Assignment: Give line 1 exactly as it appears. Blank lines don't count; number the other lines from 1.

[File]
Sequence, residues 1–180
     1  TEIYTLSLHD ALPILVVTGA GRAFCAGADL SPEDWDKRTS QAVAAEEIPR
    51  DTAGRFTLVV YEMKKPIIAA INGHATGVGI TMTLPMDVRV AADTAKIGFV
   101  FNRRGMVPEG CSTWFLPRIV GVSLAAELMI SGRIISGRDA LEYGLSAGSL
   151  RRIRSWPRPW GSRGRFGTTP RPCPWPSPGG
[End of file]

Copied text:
Sequence, residues 1–180